On the Huffington Post and on his own blog, David Katz, MD, asks the important question why so many people are obese nowadays. His answer does not sound convincing, he argues that there a bias toward obesity is an evolutionary advantage.
This might have been possible, but a simple calculation shows that this is unlikely. A man who is 100 kg too heavy and 50 years old, to a first approximation ate 2 kg per year too much. Two kilograms of fat is 1400 Cal and thus comparable to what one eats in 4 days to one week, depending on your, height, weight and level of activity. In other words, this man ate only about one or two percent more than he should have. You may increase this number somewhat to account for the fact that a larger body also needs more energy. Still the additional amount eaten by an overweight person is small and will be hardly noticeable in day life.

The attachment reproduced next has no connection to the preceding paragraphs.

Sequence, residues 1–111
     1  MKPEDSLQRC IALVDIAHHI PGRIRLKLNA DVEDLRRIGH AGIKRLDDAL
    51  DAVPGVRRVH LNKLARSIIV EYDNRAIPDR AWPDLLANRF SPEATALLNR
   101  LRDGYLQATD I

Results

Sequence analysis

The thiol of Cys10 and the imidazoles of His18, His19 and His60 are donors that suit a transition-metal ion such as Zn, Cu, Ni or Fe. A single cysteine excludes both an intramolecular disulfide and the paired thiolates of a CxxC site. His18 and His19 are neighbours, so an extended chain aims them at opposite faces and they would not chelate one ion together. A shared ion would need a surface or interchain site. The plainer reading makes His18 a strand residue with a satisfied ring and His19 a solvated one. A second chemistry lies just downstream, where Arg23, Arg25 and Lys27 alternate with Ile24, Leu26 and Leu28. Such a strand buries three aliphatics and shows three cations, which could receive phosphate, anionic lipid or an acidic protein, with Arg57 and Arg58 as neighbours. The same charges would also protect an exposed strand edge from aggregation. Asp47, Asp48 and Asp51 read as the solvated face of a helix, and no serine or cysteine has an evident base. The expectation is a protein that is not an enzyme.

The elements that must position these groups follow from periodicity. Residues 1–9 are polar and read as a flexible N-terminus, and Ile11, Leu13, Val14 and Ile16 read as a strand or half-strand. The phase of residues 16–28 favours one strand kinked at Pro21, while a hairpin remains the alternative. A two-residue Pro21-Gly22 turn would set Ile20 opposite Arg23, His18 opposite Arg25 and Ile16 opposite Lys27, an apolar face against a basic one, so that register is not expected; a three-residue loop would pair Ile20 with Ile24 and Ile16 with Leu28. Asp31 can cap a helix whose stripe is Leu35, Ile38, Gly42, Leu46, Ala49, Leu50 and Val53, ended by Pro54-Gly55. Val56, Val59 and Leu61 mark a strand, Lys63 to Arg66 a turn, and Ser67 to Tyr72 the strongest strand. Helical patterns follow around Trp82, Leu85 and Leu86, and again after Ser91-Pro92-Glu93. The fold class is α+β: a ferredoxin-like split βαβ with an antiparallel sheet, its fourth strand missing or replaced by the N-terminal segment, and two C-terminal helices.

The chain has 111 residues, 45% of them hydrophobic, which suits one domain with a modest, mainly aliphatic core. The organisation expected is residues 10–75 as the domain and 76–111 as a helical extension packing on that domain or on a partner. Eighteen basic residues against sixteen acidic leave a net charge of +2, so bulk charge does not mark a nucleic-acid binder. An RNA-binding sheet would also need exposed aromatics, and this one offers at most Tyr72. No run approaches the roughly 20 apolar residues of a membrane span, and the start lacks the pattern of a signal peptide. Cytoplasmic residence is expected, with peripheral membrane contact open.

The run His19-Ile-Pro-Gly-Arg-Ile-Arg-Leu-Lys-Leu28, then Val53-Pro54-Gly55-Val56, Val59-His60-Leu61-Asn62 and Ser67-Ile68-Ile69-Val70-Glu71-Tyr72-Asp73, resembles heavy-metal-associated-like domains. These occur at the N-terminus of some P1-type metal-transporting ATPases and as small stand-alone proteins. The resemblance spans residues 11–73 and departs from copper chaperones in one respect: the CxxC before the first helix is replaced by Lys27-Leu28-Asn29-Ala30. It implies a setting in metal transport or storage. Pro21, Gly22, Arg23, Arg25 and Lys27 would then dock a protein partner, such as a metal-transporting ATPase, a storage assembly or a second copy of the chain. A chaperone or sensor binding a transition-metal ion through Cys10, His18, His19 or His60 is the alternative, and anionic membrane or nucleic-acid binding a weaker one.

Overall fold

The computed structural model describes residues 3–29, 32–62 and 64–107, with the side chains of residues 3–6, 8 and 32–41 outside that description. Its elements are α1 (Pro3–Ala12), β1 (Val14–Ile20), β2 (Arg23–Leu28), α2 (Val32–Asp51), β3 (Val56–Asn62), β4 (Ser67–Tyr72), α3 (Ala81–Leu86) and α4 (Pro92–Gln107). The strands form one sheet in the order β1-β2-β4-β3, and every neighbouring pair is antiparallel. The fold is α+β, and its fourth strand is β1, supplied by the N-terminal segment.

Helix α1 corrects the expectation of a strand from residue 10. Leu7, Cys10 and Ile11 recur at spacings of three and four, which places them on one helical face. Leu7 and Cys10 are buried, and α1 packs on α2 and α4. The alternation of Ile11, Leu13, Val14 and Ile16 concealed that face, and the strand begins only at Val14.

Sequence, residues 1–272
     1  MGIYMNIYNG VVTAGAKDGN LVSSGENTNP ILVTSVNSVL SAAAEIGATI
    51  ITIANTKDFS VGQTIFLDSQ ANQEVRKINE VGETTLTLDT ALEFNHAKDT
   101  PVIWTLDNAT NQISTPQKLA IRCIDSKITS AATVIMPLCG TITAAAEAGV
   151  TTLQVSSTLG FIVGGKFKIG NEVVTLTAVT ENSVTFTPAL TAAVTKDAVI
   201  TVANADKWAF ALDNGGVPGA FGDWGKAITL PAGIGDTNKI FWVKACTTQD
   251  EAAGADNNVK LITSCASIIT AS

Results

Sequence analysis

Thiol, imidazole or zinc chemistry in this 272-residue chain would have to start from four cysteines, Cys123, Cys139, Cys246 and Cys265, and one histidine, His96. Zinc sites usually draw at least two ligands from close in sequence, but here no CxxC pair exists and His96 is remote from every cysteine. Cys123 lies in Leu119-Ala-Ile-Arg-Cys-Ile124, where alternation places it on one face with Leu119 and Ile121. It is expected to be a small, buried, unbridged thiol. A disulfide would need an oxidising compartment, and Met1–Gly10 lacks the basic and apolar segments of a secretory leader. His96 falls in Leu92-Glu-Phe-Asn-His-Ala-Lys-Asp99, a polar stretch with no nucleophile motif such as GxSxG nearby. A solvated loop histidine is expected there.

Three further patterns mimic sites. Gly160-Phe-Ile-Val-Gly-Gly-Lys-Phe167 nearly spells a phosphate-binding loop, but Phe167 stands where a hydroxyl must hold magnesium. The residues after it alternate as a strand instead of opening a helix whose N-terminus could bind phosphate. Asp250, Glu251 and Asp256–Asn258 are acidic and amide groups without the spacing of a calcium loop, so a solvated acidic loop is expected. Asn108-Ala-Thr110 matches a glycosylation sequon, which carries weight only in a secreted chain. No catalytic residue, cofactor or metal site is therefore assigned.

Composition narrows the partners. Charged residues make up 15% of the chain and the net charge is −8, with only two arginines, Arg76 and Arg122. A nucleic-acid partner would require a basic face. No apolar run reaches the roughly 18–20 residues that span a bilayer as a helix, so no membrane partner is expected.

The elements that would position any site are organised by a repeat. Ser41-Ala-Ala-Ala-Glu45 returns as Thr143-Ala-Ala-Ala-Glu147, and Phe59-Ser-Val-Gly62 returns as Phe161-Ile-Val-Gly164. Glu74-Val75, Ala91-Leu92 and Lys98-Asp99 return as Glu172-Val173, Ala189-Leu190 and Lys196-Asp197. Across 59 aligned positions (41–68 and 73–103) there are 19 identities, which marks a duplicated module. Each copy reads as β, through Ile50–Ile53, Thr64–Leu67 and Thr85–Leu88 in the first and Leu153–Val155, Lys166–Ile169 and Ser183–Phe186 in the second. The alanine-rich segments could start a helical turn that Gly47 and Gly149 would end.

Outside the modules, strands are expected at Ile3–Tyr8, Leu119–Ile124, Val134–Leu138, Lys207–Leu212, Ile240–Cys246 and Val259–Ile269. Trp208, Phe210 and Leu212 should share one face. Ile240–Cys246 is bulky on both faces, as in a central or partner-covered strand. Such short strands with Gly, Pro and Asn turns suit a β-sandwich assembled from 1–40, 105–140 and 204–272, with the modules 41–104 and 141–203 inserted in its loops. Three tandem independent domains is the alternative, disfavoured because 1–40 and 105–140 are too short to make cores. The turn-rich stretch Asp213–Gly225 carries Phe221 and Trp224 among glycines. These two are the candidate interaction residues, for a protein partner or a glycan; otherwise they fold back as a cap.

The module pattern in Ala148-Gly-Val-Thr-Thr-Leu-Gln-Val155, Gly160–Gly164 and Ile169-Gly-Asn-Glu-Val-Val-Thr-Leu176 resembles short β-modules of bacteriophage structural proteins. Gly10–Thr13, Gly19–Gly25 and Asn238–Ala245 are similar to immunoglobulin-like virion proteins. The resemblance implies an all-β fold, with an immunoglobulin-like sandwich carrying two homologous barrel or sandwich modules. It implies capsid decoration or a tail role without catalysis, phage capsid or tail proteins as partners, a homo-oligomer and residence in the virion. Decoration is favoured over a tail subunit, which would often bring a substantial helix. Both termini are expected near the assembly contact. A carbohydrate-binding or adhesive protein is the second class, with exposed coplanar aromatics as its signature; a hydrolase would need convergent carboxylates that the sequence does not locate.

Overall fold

In the times that humans were hunters and gatherers, it should have been easily possible to eat a few percent more than usual. The year to year variability in the availability of resources is large; on the negative side think for instance of floods, droughts and grasshopper plagues. A human that is able to survive in a bad year, should easily be able to hunt or gather double his need in good years. One would expect the maximum amount of food a person can find is much more than a few percent more than the average needed. Otherwise, a human with a bit of bad luck would soon starve to death and be removed from the gene pool.